The Vagabondage II, launched six years later in 2010, had the same impact on collectors with its digital jumping hours and minutes. Especially since those who had succeeded in obtaining a piece in the first individually numbered series were entitled and even more eager to purchase an identical limited number from the second series. In this second version, also with manual winding, the realms of the possible were further expanded, however, with the addition of 68 pieces made in red gold to accompany the 69 pieces in platinum and 10 in platinum set with baguette diamonds. Here also, the mechanical calibre with manual winding was crafted in 18K rose gold. The watchmaker endowed it with a special barrel, as well as a constant-force device whose function, by means of the instantaneously jumping minutes and hours, was to ensure better power distribution and management.
Vagabondage III, a calibre developed for 137 timekeepers
Beating at a frequency of 21,600 vibrations an hour, the calibre 1514 crafted in 18K rose gold is the keystone of this third instalment in the Vagabondage journey. This latest version is also fitted with a constant-force device completing one revolution per minute, a mechanism registered under patent no. EP1528443. Its 15 tooth in-line anchor escapement, double-spring barrel, fine decoration and finishing comprising part circular-grained bottom-plate, Côtes de Genève engraving for the bridges, polished screw heads, chamfered tour(head?) and slot and pegs with polished rounded ends, are bound to bring interest in the latest in the series to fever pitch.
There will only be 69 pieces in platinum and 68 in red gold. Priority will be given to owners of one or the other, if not both of the previous editions. Wherever possible, the numbers may coincide. The case size is identical to that on the Vagabondage II and sports a smoky sapphire crystal, which leaves the passing time open to view in a play of opacity and transparency, again according to the 'jumping' principle. The Vagabondage III is offering, in what is a world first, digital jumping seconds. The digital display apertures, the hours at 10 o'clock, the seconds at 6 o'clock, are surrounded by a white filet. The white is echoed in the central minutes hand. But there is welcome relief in the form of a hint of blued steel, nonetheless, in the power reserve indicator at 1 o'clock. The spectacle is unrivalled and quite hypnotic: the balletic display of the seconds ticking away, and of numerals in the various digital displays coming together, dallying a while, then parting company, is nothing short of magic.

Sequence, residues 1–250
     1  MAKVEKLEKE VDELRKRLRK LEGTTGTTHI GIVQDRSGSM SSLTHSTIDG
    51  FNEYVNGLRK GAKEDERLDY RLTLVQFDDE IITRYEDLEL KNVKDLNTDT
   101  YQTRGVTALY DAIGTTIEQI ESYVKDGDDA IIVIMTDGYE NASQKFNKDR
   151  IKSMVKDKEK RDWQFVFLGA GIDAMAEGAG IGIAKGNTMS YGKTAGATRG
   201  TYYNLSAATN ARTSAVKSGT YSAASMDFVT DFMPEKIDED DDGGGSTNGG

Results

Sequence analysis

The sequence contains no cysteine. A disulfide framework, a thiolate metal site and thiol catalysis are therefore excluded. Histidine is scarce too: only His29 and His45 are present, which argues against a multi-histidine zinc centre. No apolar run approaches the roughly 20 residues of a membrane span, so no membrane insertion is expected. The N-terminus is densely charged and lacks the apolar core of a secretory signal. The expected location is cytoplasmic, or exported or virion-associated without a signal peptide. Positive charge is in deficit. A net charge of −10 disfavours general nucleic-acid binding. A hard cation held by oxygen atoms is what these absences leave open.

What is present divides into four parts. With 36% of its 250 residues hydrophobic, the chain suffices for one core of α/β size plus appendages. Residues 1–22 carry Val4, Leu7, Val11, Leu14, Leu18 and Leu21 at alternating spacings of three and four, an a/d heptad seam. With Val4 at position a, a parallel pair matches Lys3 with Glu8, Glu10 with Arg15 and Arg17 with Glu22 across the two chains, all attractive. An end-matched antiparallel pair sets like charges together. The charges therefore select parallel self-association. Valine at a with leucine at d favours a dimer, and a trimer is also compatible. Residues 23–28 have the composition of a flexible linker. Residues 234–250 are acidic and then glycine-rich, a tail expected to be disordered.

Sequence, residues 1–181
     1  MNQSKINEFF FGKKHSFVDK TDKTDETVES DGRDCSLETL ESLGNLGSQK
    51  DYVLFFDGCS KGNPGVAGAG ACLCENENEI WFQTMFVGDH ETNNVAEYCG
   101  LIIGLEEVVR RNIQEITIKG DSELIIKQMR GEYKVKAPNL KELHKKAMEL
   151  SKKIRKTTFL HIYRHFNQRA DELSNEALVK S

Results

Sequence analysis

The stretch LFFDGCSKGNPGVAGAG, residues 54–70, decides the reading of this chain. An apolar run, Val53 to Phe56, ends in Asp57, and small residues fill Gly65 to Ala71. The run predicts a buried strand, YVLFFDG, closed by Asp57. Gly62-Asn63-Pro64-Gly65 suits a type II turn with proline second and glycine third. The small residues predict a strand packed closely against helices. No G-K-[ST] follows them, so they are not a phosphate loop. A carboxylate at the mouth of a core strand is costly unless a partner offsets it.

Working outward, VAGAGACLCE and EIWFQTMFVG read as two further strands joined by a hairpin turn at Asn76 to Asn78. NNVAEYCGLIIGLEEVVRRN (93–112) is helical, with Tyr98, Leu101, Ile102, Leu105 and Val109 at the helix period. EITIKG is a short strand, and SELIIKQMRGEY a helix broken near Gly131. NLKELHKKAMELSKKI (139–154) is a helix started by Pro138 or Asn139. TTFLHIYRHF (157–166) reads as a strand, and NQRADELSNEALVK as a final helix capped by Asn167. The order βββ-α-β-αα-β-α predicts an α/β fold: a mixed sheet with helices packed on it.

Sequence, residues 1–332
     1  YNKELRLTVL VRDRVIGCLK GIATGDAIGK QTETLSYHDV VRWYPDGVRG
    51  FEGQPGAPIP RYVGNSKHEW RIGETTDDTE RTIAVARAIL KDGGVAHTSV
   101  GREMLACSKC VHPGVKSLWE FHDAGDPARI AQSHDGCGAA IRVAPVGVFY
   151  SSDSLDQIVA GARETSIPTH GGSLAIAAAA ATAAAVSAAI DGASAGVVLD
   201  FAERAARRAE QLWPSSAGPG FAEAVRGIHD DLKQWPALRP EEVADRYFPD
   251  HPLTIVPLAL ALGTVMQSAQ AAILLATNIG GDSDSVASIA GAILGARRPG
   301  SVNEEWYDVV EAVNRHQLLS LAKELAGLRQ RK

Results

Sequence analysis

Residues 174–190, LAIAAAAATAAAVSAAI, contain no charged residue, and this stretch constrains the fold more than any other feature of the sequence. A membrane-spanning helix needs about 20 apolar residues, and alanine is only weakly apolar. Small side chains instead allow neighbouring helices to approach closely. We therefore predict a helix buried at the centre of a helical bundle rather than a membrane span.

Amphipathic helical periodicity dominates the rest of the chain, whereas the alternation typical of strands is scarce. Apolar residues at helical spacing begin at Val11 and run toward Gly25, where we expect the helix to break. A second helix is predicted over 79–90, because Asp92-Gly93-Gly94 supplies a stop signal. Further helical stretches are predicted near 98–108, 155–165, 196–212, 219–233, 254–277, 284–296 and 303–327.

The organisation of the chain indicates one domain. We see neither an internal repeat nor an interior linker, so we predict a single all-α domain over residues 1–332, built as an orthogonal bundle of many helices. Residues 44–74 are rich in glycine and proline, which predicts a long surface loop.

Trilogy and drama
As seen in this triptych of three digital displays, François-Paul Journe is to complicated watchmaking excellence what Krzysztof Kieślowski, with his colour trilogy Blue, White and Red, is to dramatic cinema. A unique individual, a genius, showered with awards and recognitions. An individual who, even when having built the loyalty of its public, is not afraid to startle and disorient by whisking it away to unexpected, colourful worlds suffused with red. Worlds that reek of anti-establishment and punky acts of rebellion …